But, again, the bottom line is that these people exist and, for whatever reason, they are self-destructing in the current social environment. The question is whether we should do something about this. The government jumps in when people don’t “get it.” We have the FDA and the FTC. We paint lines on highways for those people too stupid to figure out where to drive their cars using instincts. We force people to put their kids in school, for those people too stupid to think to do this on their own. We have federal withholding for those people too stupid to think ahead to escrow money they will owe the government in April. We force people to pay into social security for those people too stupid to save for the day they will retire—if we hadn’t done this, many older folks would currently be on welfare. We didn’t sit around calling those people names. We recognized that government had a role to play because many people out there were intellectually or emotionally too vulnerable to take care of themselves. We have enacted hundreds of smart government systems so that “stupid” people (all of us, some of the time) can survive.

    It is my belief that government has a role here. Government should step in to regulate the lending industry far better than it does. For example, lenders should not be allowed to charge 400% on loans. They should not be allowed to triple the amount owed by debtors by piling on huge penalties and interest after it is clear that the account needs to go into suit. They should not be allowed to foist ever more credit upon distressed debtors. Mortgage lenders should be required to fully disclose the existence and danger of exploding ARMS and prepayment penalties and yield spread premiums. At some point, enough is enough, and there should be, sooner than later, a time for an accounting (between creditors and debtors) that will declare the cause a lost cause without destroying families.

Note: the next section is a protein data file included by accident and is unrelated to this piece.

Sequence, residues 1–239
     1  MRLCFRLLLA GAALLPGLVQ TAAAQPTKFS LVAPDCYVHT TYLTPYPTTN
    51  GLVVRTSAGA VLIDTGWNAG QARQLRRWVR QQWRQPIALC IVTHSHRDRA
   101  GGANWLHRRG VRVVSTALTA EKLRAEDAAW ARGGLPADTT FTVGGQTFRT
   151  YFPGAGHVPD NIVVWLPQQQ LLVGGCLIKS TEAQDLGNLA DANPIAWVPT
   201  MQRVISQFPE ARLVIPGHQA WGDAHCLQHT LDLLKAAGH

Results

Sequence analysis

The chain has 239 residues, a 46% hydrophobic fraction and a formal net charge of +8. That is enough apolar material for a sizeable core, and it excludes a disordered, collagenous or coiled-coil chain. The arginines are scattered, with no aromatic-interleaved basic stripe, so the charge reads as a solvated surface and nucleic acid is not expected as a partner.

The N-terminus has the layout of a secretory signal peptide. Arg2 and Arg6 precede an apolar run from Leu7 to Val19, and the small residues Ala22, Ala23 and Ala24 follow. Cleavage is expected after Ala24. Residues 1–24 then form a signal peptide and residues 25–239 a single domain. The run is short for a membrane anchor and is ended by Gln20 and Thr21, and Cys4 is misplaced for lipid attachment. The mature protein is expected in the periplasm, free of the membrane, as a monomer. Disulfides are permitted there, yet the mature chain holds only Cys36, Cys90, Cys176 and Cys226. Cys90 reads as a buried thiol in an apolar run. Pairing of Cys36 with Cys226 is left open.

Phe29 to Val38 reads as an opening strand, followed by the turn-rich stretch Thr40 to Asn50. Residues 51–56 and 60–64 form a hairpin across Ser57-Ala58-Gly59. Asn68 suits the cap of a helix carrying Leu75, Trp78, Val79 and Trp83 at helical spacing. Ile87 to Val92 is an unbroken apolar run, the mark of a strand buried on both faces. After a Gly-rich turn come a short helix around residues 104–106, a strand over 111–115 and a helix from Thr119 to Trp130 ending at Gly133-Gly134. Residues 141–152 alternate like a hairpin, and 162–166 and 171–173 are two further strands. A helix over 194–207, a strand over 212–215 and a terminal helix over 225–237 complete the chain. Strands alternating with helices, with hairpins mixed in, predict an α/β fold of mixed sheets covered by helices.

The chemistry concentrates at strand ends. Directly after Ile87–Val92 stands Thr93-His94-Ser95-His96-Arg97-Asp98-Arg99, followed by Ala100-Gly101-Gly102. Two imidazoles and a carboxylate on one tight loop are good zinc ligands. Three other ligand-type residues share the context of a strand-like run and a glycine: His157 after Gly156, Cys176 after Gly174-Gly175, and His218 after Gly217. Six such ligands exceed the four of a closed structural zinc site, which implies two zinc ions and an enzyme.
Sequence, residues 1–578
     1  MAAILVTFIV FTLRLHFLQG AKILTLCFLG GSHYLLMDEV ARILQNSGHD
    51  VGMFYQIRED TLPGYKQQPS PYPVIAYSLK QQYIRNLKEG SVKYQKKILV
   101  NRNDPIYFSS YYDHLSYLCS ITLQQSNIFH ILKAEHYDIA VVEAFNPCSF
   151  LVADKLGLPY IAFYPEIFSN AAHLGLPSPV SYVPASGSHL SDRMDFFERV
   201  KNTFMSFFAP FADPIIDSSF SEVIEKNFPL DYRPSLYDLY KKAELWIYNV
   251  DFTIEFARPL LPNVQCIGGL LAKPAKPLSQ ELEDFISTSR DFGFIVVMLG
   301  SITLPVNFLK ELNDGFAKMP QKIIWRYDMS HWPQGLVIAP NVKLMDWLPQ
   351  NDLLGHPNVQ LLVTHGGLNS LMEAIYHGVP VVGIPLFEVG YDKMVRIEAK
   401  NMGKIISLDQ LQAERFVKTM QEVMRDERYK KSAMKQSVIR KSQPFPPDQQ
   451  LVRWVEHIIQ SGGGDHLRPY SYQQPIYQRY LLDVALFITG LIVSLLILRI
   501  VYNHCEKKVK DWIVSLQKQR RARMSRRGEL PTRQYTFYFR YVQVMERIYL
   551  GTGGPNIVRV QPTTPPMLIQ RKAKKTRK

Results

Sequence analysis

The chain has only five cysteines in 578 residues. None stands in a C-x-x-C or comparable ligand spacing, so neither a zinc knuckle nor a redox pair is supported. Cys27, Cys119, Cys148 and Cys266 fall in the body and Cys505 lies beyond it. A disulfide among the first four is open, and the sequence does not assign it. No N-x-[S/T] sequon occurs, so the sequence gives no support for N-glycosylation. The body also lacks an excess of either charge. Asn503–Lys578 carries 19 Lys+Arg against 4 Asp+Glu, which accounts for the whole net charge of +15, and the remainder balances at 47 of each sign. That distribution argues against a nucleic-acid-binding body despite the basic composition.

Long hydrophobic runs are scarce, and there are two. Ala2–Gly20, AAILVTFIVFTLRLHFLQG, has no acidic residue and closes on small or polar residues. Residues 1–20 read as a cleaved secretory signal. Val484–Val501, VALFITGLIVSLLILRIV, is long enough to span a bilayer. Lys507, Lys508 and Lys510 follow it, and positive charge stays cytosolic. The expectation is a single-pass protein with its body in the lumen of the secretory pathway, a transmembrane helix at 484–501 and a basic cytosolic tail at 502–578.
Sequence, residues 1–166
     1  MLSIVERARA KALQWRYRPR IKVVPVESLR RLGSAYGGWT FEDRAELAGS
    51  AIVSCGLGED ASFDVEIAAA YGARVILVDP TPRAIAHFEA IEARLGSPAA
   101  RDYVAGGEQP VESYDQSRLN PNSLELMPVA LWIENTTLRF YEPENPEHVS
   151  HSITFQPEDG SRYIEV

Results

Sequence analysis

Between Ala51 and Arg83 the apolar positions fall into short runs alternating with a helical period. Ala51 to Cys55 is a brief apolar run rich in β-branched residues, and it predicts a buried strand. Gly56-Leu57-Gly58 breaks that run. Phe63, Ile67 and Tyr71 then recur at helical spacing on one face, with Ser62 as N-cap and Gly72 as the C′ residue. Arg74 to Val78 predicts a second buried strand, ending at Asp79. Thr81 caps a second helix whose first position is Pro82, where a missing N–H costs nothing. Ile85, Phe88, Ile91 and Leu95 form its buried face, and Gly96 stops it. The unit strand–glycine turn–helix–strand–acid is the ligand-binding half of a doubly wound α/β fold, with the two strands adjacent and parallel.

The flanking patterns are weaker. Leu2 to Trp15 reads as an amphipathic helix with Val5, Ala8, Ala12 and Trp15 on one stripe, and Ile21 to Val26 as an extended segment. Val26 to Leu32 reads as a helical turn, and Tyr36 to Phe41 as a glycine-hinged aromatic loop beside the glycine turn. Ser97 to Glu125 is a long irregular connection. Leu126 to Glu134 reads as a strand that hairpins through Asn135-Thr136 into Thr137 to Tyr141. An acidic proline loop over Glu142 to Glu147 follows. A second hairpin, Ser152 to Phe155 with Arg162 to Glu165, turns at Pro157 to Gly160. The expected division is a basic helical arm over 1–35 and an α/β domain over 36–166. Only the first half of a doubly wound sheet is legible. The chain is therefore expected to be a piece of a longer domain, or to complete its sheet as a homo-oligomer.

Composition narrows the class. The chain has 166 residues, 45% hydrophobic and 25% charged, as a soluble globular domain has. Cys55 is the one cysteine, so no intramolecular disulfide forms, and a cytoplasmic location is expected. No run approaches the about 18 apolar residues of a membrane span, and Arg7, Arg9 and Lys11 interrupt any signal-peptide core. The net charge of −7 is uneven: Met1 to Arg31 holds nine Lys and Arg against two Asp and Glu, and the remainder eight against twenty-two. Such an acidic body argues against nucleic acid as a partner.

My main point is that the status quo is intolerable and there’s lots of blame to go around. There’s a triangle of people to blame: A) debtors (though, again, many of them are innocent in the sense that they suffered catastrophic injuries and job losses that threw them into debt), B) greedy creditors and C) law-makers who have been bought off by the creditors so that the creditors can gleefully continue to suck the last drops of blood out of all of those human turnips.

  8. Not sure if Erich's comment was directed at me, but I think I was the only one who commented negatively about the indebted credit card owners.

    That's what I also wrote:

    "Having said this, I don’t think they deserve to be pushed into powerty, because for one that would be inhuman, but also because there are others who are responsible as well. It’s the government that should not have condoned the creation of situations destined for financial desaster and it’s society that has failed to raise responsible citizens."

    Which is basically the same what you said, albeit in less words. It makes sense for various reasons to help them, but I'm not willing to find all kinds of different excuses, like innumeracy, for them. There's something just plain wrong if people think they can borrow money and spend it like there's no tomorrow.

  9. Erich Vieth says:

    projektleiterin – your well-articulated comment gave me the chance to clarify that I really do understand that many of the financial catastrophes out there start with horribly bad judgment on bahalf of many (probably most) consumers. I didn't want anyone anyone (not just you) to confuse me for the people who think that consumers can do no wrong (some of those people really exist). I also wanted to make it clear that even when horrible judgment triggers the onslaught of debt, there is still a compelling moral argument that we shouldn't let the creditor vultures capitalize to the extent that families already on the ropes are knocked out.